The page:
A New Way Out for Prisoners?
The excellent overview of the trend toward rehabilitation in prisons (“State Is Joining Shift on Prisons,” March 27) still omits two crucial areas where reform is indispensable. Rehabilitation will be limited if there are no meaningful jobs and if police continue the misconduct that antagonizes so many young people. The story quotes an official who says the inefficiencies of rehabilitation programs wouldn’t be tolerated at General Motors. For the record: GM’s bond rating is one notch above junk, according to a news report the same day. Rehabilitation is about helping damaged human beings, not producing machines, and “inefficiencies” should be expected.
The article brilliantly captured the current political mood about our grotesque overuse of incarceration. As one who has worked hard for 30 years to reverse this trend, I celebrate the new direction. But we have a long way to go. It’s in far worse shape than the Humpty Dumpty image would suggest.
Frankenstein is more to the point. This monster destroys. It damages all too many of those locked up, those who work in prisons and the children and other family members of the imprisoned and those who guard them.
It has also sucked billions of general fund dollars from our social services and our state colleges and universities. It is definitely time for a change.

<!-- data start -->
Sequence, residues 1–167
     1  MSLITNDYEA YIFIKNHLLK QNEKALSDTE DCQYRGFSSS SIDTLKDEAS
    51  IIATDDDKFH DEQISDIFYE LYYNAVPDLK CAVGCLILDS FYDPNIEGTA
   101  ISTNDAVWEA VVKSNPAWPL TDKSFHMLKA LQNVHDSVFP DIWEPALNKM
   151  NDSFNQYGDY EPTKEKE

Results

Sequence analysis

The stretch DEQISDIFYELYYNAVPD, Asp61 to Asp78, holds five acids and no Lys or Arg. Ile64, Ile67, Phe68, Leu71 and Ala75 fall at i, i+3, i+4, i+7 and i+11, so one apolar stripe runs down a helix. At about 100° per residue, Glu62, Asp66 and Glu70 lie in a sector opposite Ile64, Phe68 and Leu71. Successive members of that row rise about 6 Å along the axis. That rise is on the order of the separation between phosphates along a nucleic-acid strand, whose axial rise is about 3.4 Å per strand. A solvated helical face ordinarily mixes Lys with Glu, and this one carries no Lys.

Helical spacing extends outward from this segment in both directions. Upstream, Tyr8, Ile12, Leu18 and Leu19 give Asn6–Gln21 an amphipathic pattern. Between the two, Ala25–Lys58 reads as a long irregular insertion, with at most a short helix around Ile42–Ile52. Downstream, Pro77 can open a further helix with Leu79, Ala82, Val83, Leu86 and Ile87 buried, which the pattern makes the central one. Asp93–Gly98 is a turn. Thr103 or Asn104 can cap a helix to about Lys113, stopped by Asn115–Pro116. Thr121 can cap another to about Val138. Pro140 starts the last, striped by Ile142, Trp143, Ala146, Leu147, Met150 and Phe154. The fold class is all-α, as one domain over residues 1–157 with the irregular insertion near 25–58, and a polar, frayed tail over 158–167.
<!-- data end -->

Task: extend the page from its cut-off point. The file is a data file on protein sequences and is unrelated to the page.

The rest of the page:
As someone with more than 20 years of experience as a college administrator and teacher in correctional education, I wish Gov. Arnold Schwarzenegger’s office luck in pushing for rehabilitation. If reformers are really sincere about helping prisoners become productive citizens, they would push to reinstate Pell grants for college classes, as well as provide meaningful vocational education and realistic (and paid) work experience.
But offering these programs to criminals evokes resentment on the part of many Americans (not least of which are guards and trade union members). Why, they ask, should prisoners get free what hardworking and law-abiding citizens must pay for? Will they be competing for my job after parole? These sentiments have stymied reform efforts for decades.
Robert P. Weiss
Professor of Sociology
and Criminal Justice